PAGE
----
Page 6 • DNA Reporter February, March, April 2018 Depression and Suicidality in the Transgender Community Margaret O. McElligott MSN, RN Margaret earned her Baccalaureate (BSN) from The Catholic University of America, her Master of Science in Nursing (MSN) from Wesley College, and Certification in Simulation from Drexel University. Margaret has worked in many nursing specialties in various medical centers on the east coast and in the mid-west over her extensive career Margaret O. McElligott to include Hematology-Oncology at Christiana Care, Bone Marrow Transplant & Coronary ICU at George Washington University in Washington D.C., ICU Float Pool & Cardio-Vascular Lab at United Hospital in St. Paul Minnesota, Level II Trauma/ED at St. Mary Medical Center in Langhorne, PA, and Medical ICU at Bayhealth Medical Center in Dover, DE. She is currently a member of the Wesley College faculty as an instructor of nursing and the simulation coordinator. Margaret plans, coordinates and facilitates simulation for every clinical course with sophomore through senior nursing students. Margaret also serves as co-teacher for the Palliative Care & Field Study in Guatemala courses. This year she began teaching an Ethics in Healthcare course to Wesley College students. Margaret serves as the faculty adviser to the Delaware Student Nurses Association as well as Faculty Counselor to the Tau Beta Chapter of Sigma Theta Tau. Margaret can be reached by email at Margie.firstname.lastname@example.org or at her office at (302) 736-2737. Transgender individuals are part of a minority population which until recently was not familiar to the majority of society. Trangenderism is defined by the American Psychological Association (APA) as “an umbrella term for persons whose gender identity, gender expression or behavior does not conform to that typically associated with the sex to which they were assigned at birth” (n.d., para. 1). According to the APA, gender identity refers to an individual’s internal sense of being male, female or something else. It is difficult to quantify an exact number of transgender individuals in the United States for numerous reasons. For example, the U.S. Census Bureau and other government data collection agencies have not polled respondents for this information. However, a 2017 study by Meerwijk and The Delaware Breast Cancer Coalition Presents... The 21st Annual Breast Cancer Update Tuesday, April 10, 2018 7:45 a.m. to 2:15 p.m. The Rollins Center, Dover Downs Hotel Ballrooms B & C, 1131 N DuPont Hwy., Dover, DE 19901 Featuring leading medical experts and speakers discussing the most up-to-date information on breast cancer treatment and survivorship. The event is free and open to the public. Contact Hours and Continuing Education Units (CEUs) will be available. For registration information, sponsorship opportunities, and an agenda, please call 866-312-DBCC or visit www.debreastcancer.org. Sevelius published in the American Journal of Public Health addressed this matter. Their study analyzed twelve population-based surveys from 2007 to 2015. Their findings suggested that approximately one out of 250 individuals in the United States identify as transgender. This represents 0.39% of the population or just under one million people. The authors noted that this figure is likely an underestimation because of the sensitivity of the topic, the broad context of transgenderism and other related factors. For some transgender individuals, attaining self-acceptance is challenging as this is such a personal and relatively uncommon identity. Much research has been conducted on the psychological burden for many transgender individuals. Among this population, the rates of depression and suicide attempts and completions are considerable. This significant public health issue must be addressed with initiatives to improve the quality of life for members of the transgender community. The National Transgender Discrimination Survey (NTDS) (2016) noted that 41% of transgender respondents reported having attempted suicide. This number compares to 1.6% of the general population in the United States who report having attempted suicide. Mustanski, Andrews and Pucket (2016) pointed out that the predictors of mental health issues for LGBT individuals are extensive: One of the most consistent predictors of mental health issues for LGBT individuals is experiencing discrimination, harassment and victimization, which LBGT youths experience disproportionately compared with heterosexuals and cisgender youth. For example, a study with a community-based sample of LGBT youths found that 94% had experienced some form of sexual orientationbased victimization. In addition, victimization has been associated with greater psychological distress (including symptoms of somatization and anxiety), depression, substance use, suicide attempts and PTSD. (p. 527) Su et al. (2010) conducted a study that assessed an LGBT community in the Midwestern United States for the impact of transgender identity and the elevated odds of reported discrimination, depression and suicidality. The findings showed 53.9% of transgender respondents reported depression symptoms compared to 33.4% of non-transgender participants. The reported history of a suicide attempt was significantly higher in the transgender population over the non-transgender respondents, at 37.7% vs. 15.9%, respectively. Several variables were evaluated in this study, but the two most significant factors in relation to depression were reported discrimination and LGBT identity acceptance. There was a direct correlation between a higher occurrence of discrimination and depression symptoms, and an inverse correlation between identity acceptance and depression symptoms. The study indicated that the lack of societal acceptance, in addition to discrimination and stigma, can have a negative impact on the mental health of LGBT persons. A secondary effect of this mistreatment may be a lower self-acceptance rate, which in turn could worsen depression symptoms. Nurses who work in a range of areas to support society could help to influence change, promote acceptance and understanding of the transgender experience, and improve the quality of life for LGBT community members and their families. Schools, hospitals, outpatient facilities, public health agencies and legislative committees could collectively address this serious issue to change lives. Cape Henlopen School District Lewes, Delaware Vacancies Nurse Substitutes Must complete online application at: http://www.applitrack.com/chsd/onlineapp/ Contact: Office of Human Resources (302) 645-6686 A satisfactory criminal background check, DE child protection registry check, health exam, and TB test are required for all new employees. EOE Veale, Watson, Peter, and Saewyc (2014) conducted a study on mental health disparity in Canadian transgender youth. As part of the study, 923 transgender adolescents and young adults completed an online survey. The survey categories included gender identity, emotional distress, suicidality, self-harm and general mental health. The respondents were divided into two groups based on age; 14-18 years and 19-25 years. The survey results were compared to the British Columbia Adolescent Health Survey; a general population based study in which only 1% of the youth respondents selfidentified as transgender. The findings of the British Columbia survey confirmed the hypothesis; that significant mental health disparity exists between transgender youth and both cisgender and LGB youth. For the Canadian study, both age groups of transgender and non-binary males reported significantly higher rates of self-harm than their cisgender peers or the transgender females (Veale et al., 2014). A positive finding from the study indicated an improvement in the prevalence of self-harm in the older age groups of transgender participants of both sexes. The older age group of transgender males also reflected a decline in suicide ideation and attempts. These findings may be attributed to improved selfacceptance with age and life experience. The older, non-school age group would be able to select their social contacts, which may provide more acceptance and less discrimination, perhaps leading to an improved outlook and quality of life. This study validates the need for public health initiatives to support transgender youth and adults and optimize their mental health and potential in life. The transgender community, like all cultural groups, has a unique set of needs and expectations which society – and particularly the medical and mental health communities – must identify and become competent in addressing. According to Haas, Rodgers, and Herman (2014) the National Transgender Discrimination Survey of 2008, identified negative experiences for transgender individuals who sought healthcare as a contributing factor to suicidality. Some 60% of respondents who interacted with a physician or healthcare provider who refused to treat them, because of their transgender or gender non-conforming status, had attempted suicide. These participants also reported avoiding and or postponing acute care for illness; as well as for preventative care because of disrespectful or discriminatory treatment by medical personnel. Medical professionals have an ethical obligation to treat all patients with respect and dignity. The ethical principles of justice, autonomy, beneficence and non-maleficence are foundational in medical and nursing practice to ensure patients receive the benefits of the best health care practices to maximize both their quality of life and human potential. For vulnerable populations, including the transgender community, an ethical focus is especially important to guide health care providers in identifying and meeting their unique needs. References American Psychological Association (n.d.). Transgender people, gender identity and gender expression. What does transgender mean? Retrieved from: http://www. apa.org/topics/lgbt/transgender.aspx Haas, A., Rodgers, P., & Herman, J. (2014). Suicide attempts among transgender and gender nonconforming adults. Findings of the national transgender discrimination study survey. American Foundation for Suicide Prevention and Williams Institute UCLA School of Law. Retrieved from: https://williamsinstitute.law. ucla.edu/wp-content/uploads/AFSP-Williams-Suicide- Report-Final.pdf Meerwijk, E. & Sevelius J. (2017). Transgender population size in the United States: A meta-regression of population-based probability samples. American Journal of Public Health 107(2), 216. Retrieved from: https:// www.medscape.com/medline/abstract/28075643 Mustanski, B., Andrews, R., Puckett, J. (2016). The effects of cumulative victimization on mental health among lesbian, gay, bisexual and transgender adolescents and young adults. American Journal of Health AJOH 106(3), 527-533. Su, D., Irwin, J., Fisher, C., Ramos, A. Kelley, M. Mendoza, D., and Coleman, J. (2016). Mental health disparities within the LGBT population: A comparison between transgender and nontransgender individuals. Transgender Health 1.1 12-20. DOI: 10.1089/ trgh.2015.0001 Veale, J, Watson, R., Peter, T., Saewyc, E. (2017). Mental health disparities among Canadian Transgender youth. Journal of Adolescent Health 60(1), 44-49.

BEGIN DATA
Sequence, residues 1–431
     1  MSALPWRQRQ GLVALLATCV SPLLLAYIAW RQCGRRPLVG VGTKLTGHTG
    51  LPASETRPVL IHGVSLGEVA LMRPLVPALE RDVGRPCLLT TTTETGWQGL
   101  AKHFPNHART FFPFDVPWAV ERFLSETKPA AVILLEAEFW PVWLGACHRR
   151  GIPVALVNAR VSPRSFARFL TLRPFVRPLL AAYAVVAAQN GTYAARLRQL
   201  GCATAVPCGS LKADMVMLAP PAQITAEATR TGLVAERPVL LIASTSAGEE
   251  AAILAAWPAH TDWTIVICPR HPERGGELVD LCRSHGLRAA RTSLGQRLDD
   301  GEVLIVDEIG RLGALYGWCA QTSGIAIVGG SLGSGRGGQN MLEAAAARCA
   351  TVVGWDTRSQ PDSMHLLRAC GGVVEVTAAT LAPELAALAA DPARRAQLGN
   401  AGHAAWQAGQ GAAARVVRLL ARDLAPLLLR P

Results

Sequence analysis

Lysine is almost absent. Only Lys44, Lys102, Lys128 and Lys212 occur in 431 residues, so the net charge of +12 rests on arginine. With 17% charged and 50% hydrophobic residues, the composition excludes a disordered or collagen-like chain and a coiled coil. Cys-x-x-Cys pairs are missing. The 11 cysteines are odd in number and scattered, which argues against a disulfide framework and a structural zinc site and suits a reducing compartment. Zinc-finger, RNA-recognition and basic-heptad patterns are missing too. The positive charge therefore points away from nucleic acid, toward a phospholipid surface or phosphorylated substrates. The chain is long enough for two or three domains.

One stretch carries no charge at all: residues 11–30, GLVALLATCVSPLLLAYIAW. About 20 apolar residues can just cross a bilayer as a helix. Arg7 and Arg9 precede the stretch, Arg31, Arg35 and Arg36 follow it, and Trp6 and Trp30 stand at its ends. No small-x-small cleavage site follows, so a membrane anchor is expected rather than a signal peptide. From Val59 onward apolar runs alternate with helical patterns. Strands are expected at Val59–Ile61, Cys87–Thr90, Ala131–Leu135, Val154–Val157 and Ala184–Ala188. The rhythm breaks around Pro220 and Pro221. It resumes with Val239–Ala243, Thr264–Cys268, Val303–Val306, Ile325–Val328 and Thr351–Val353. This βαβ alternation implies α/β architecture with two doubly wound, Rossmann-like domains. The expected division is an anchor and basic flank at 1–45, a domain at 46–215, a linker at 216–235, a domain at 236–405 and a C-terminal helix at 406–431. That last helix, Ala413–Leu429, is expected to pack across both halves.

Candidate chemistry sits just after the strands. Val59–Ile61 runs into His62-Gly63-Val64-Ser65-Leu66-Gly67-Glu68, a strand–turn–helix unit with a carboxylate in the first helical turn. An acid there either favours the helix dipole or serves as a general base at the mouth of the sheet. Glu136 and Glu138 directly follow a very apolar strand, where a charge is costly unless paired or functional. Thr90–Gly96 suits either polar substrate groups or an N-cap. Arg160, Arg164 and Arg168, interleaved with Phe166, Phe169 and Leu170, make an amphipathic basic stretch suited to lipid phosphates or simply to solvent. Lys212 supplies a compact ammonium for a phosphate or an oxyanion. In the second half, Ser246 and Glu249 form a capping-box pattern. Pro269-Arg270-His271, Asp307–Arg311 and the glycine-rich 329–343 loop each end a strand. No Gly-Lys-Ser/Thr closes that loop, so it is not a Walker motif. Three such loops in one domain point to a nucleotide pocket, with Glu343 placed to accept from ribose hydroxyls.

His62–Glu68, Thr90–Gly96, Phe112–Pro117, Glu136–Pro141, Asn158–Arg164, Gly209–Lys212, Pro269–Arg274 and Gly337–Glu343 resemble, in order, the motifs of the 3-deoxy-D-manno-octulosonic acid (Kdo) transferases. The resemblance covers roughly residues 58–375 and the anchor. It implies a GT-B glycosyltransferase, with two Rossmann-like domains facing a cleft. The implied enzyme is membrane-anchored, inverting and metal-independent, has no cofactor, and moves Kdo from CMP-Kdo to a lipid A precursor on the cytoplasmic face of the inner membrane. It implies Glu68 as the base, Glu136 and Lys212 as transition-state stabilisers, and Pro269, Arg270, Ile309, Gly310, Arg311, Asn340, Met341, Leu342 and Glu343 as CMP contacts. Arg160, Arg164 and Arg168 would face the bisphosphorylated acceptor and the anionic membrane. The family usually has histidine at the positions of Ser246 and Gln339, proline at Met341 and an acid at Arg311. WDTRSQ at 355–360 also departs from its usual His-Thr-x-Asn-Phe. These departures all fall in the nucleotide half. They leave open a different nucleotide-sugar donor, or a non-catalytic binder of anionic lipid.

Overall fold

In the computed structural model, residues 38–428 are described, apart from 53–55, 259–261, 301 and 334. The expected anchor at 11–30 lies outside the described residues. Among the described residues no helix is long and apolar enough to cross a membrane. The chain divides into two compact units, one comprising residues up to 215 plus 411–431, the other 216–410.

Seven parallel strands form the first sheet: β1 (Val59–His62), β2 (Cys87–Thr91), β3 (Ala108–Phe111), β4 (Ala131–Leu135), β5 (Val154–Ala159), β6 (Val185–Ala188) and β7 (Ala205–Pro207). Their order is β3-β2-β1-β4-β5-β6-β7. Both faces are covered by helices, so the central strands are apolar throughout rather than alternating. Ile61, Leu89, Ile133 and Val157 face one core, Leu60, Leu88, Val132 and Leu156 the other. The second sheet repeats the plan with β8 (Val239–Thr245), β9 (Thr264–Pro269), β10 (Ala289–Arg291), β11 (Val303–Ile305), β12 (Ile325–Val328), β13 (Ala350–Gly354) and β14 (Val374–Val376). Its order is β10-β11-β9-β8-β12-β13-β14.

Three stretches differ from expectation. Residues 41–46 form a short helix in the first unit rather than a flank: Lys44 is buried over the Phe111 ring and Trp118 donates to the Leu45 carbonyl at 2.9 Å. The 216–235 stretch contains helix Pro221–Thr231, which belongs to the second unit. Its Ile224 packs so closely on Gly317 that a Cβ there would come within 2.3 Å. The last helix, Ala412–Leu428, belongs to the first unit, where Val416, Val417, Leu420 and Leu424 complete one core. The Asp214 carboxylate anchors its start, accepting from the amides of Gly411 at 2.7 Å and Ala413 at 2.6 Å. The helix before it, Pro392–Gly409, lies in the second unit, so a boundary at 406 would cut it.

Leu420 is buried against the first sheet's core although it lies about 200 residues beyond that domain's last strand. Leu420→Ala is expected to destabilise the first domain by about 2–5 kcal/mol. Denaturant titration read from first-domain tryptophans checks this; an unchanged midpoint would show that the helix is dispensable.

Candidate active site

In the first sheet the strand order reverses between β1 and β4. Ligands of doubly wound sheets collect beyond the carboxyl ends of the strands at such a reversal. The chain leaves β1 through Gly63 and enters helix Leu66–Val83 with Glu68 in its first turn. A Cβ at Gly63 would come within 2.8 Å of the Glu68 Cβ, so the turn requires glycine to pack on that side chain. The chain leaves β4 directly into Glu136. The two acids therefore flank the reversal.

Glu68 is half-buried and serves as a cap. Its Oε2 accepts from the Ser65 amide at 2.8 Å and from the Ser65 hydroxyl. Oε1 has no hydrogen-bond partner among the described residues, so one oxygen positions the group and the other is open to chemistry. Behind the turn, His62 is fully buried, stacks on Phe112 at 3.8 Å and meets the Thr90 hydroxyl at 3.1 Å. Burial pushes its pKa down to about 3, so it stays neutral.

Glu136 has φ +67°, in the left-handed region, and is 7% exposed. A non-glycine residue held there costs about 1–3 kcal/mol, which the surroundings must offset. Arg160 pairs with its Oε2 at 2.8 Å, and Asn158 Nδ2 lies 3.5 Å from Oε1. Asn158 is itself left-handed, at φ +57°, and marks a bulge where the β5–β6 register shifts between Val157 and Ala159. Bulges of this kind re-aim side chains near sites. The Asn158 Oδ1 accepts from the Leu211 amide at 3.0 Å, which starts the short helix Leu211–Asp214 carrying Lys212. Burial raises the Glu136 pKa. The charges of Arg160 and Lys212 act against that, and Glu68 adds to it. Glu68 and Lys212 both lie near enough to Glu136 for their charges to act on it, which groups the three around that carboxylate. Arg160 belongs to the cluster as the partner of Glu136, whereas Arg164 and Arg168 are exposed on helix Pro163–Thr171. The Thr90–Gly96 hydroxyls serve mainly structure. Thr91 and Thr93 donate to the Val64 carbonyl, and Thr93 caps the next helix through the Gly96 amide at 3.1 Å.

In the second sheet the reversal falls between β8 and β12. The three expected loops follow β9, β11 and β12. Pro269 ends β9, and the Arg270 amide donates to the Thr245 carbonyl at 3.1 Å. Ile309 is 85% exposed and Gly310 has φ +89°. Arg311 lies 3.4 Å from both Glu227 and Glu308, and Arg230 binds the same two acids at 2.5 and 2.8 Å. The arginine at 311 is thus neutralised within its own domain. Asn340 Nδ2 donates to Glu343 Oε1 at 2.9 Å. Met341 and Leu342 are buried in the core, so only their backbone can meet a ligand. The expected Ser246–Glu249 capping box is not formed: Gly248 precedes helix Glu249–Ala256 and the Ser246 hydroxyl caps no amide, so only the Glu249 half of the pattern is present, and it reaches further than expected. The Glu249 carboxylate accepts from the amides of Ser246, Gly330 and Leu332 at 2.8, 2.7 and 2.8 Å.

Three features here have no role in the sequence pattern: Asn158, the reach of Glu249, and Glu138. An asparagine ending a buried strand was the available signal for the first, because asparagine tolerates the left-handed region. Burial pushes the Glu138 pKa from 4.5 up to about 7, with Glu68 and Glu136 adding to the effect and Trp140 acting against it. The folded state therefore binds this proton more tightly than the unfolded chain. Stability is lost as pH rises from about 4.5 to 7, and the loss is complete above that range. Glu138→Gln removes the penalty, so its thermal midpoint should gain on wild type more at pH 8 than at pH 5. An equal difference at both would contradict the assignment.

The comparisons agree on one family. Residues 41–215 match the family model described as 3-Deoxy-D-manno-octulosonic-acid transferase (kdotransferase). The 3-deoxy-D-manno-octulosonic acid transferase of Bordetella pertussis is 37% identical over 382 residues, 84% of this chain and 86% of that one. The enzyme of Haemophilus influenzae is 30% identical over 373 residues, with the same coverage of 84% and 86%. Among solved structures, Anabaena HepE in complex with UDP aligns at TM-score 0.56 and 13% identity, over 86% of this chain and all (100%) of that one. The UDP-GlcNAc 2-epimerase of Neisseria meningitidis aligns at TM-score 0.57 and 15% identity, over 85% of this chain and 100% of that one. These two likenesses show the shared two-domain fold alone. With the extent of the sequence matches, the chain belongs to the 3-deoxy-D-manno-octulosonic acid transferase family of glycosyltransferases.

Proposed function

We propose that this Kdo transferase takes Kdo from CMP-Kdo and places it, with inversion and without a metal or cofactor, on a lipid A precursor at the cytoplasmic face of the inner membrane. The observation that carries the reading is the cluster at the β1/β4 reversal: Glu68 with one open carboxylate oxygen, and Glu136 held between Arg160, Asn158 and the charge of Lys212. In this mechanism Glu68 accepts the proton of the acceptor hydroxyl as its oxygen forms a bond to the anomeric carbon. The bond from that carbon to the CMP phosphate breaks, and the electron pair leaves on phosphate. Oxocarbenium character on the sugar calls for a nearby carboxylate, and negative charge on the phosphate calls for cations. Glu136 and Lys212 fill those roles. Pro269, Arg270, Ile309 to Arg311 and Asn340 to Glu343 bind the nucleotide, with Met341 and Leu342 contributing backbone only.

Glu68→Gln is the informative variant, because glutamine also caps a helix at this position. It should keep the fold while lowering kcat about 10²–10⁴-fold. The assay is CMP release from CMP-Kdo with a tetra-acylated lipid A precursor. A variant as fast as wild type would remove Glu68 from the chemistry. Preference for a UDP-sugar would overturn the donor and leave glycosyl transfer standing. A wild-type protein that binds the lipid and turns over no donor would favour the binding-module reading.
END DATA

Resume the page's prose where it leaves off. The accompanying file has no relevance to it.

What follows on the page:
February, March, April 2018 DNA Reporter • Page 7 Homeless LGBTQ Youth: Transgender Homeless are an Emerging Population Brian Wharton, MSN, RN, CPEN Brian earned his BSN and MSN from Wilmington University. He is a Certified Pediatric Emergency Nurse and is the current chairman of the Pediatric Resource Team at Christiana Care Level 1 Trauma Center in Newark, Delaware. Brian is an adjunct clinical instructor at Delaware Brian Wharton Technical Community College. He is a member of the American Nurses Association, Emergency Nurses Association, and the Pediatric Trauma Society. He sits on the CPEN delineation study advisory board. Brian has an extensive background in working with children and adolescents in an acute psychiatric center prior to becoming an RN. He currently develops and conducts education on secondary traumatic stress and horizontal violence at CCHS and other institutions. Brian can be reached at email@example.com or at his personal email firstname.lastname@example.org Imagine how amazing it would be to live in a world where no one was homeless! Unfortunately, homelessness in the United States is highly prevalent affecting millions of Americans. The youth populace serves as a large percentage of the overall homeless population. According to Ferguson and Maccio (2015), “More than 2 million youth, most aged 15 to 17 years old, are reported to be homeless in the United States, and 40% of these homeless youth are estimated to identify as lesbian, gay, bisexual, transgender, and queer/questioning” (p. 659). Once homeless, LGBTQ youth are an extremely underserved and vulnerable population that have to face the problems of being homeless compiled by the obstacles that are induced by their sexuality and identity. Nurses are on the frontline of healthcare; thus, having the greatest potential to positively impact the care and health of LGBT homeless. Literature asserted that mental/physical abuse, sexual abuse, aging out of foster care, runaway, neglect, shame, guilt, depression, and rejection by peers and family are some issues that lead to homelessness in LGBTQ (Ferguson & Maccio, 2015). LGBTQ youth are more likely to be sexually abused, physically assaulted, discriminated against, and acquire a substance abuse issue than their heterosexual counterparts (Ferguson & Maccio, 2015). Homeless shelters are becoming more accepting of the LGBTQ homeless population and are taking proactive approaches in meeting this populations’ needs (Henry, Rosenthal, Shivji, Watt & Associates, 2016). Homeless youth may or may not have access to appropriate healthcare depending on if they seek shelter or are in a non-sheltered environment such as living in a car, under bridges, or in another public area where the homeless population can gather. This becomes a major public health and nursing issue when attempting to assist these patients; therefore, policy makers, advocates, and researchers need to address how to meet the needs of the homeless LGBTQ youth (Ferguson & Maccio, 2015). Delaware has a low homeless population where unaccompanied youth accounted for only 51 of the total 1,070 homeless that were reported in 2016 (Henry et al., 2016). The numbers are on the rise; thus, there is great potential for an escalation in this specific population due to the close proximity of two major cities and an increase in the LGBTQ youth community. Nurses should always be aware of the specific needs of the LGBTQ homeless population, and how their attitudes can impact LGBTQ individuals’ perception of the care they are receiving. According to Kezelman (2016), “Many of those experiencing traumatic stress are inadvertently re-traumatized in systems of care which lack the requisite knowledge and training around the particular sensitivities, vulnerabilities and triggers trauma survivors experience” (p28). A trauma informed care approach can be beneficial in ensuring that the healthcare provider does not inadvertently place blame or guilt, and re-victimize the patient (Kezelman, 2016). The LGBTQ homeless youth population will require specialized assessments and screenings. Transgender youth are an emerging homeless population that require assessments that are focused on their individual needs; however, accessing medical care can be a serious issue for this population leaving them without proper healthcare (Ferguson, 2015). It is imperative that they are seen by healthcare providers and full medical evaluations are completed and a psychosocial history is conducted to attempt to meet the needs of the patient (Klein & Nakhari, 2016). Healthcare providers need to recognize that the transgender homeless population is growing, and there are distinctive risks associated with being homeless and transgender. A provider caring for transgender patients should acknowledge necessary medical assessments associated around the “transition” process, post-operative wound inspections, and medications needed to maintain health (Alegria, 2011). This population is at a high risk for physical, emotional, and spiritual stress, and need specific treatment plans to address their needs (Klein & Nakhari, 2016). The nurse should always do a safety risk assessment and depression screening to ensure that the patient is mentally and physically safe. According to the National Alliance on Mental Illness (NAMI) (2017), “Often termed ‘minority stress,’ disparities in the LGBTQ community stem from a variety of factors including social stigma, discrimination, prejudice, denial of civil and human rights, abuse, harassment, victimization, social exclusion and family rejection” (p. 1). The NAMI (2017) stated that LGBTQ populations are more susceptible to mental health conditions, ideations of suicide, and are four times more likely to attempt suicide. Drug dependency and alcohol consumption are disproportionate issues of the LGBTQ population. Often used as coping mechanisms to deal with stress by providing the youth with a temporary break from reality, they are habit forming and discourage the youth from seeking treatment (Hunt, 2012). According to Martinez and Kelle (2014), “LGBT sex trafficking is commonly overlooked and rarely reported by local and national governments… Due to the hidden nature of same-sex prostitution and the stigma associated with being LGBT...” (p.23). Victims of sex trafficking may endure physical trauma, mental abuse, and possible contraction of communicable diseases by often being forced into dangerous sexual acts. Communicable disease screening and treatment are imperative in reducing the devastating effects of these infections. Sex trafficking is a real problem with this population and is speculated to only increase in the near future (Martinez & Kelle, 2014). The LGBTQ homeless are an underserved population that are vulnerable and require informed healthcare providers. There are great strides being made to serve this population and to meet their needs. As a nurse, it is imperative to remain aware of the obstacles that face LGBTQ homeless and to be proactive in their care. Remaining optimistic, empathetic, accessible, and compassionate as nurses do, will ensure that this population has an ally and will receive the support they deserve. References Alegria, C. A. (2011). Transgender identity and health care: Implications for psychosocial and physical evaluation. Journal of The American Academy of Nurse Practitioners, 23(4),175-182. doi:10.1111/j.1745-7599.2010.00595.x Ferguson, K. M., & Maccio, E. M. (October 01, 2015). Promising programs for lesbian, gay, bisexual, transgender, and queer/questioning runaway and homeless youth. Journal of Social Service Research, 41, (5). Henry, M., Rosenthal, R., Shivji, A., Watt, R., & Associates. (2016). The annual homeless assessment report to Congress. Washington, D.C.: U.S. Dept. of Housing and Urban Development, Office of Community Planning and Development. Retrieved from https://www. hudexchange.info/resources/documents/2016-AHAR- Part-1.pdf Hunt, J. (2012). Why the gay and transgender population experience high rates of substance abuse. Retrieved from https://www.americanprogress.org/issues/ lgbt/reports/2012/03/09/11228/why-the-gay-andtransgender-population-experiences-higher-rates-ofsubstance-use/ Kezelman, C. (2016). Trauma-informed care and practice in nursing. Australian Nursing & Midwifery Journal, 24(2), 28. Klein, E. W., & Nakhai, M. (2016). Caring for LGBTQ patients. International Journal of Psychiatry in Medicine, 51(4), 315-324. doi:10.1177/0091217416659268 Martinez, O., & Guadalupe, K. (2013, Fall). Sex trafficking of LGBT individuals. International Law News, 42(4), 23– 24. National Alliance on Mental Illness. (2017). Retrieved from https://www.nami.org/Find- Support/LGBTQ National Coalition for the Homeless. (n.d). Building a movement to end homelessness. Retrieved from http:// nationalhomeless.org/issues/lgbt/ Camp Nurses Easter Seals Camp Fairlee is seeking live-in RNs at our summer camp in Chestertown, MD. Full or partial summer schedule available. Weekly salary (DOE) and room/board. Camp Fairlee creates recreational experiences for people with disabilities. Our activities include swimming, fishing, canoeing, high ropes and much more. Come be a part of our staff and help others discover ability. For more information please contact Sallie Price at 410-708-3544, or e-mail at email@example.com Visit us or apply online at de.easterseals.com/fairlee View our video: youtube:becauseofcampfairlee Gary W. Alderson Attorney At Law, Registered Nurse Malpractice Defense & Board Complaint Defense Personal Injury, Wills, Guardianships, General Litigation Elzufon Austin & Mondell, P.A. 300 Delaware Ave., Suite 1700 | Wilmington, DE 19801 302-504-3231 | GALDERSON@ELZUFON.COM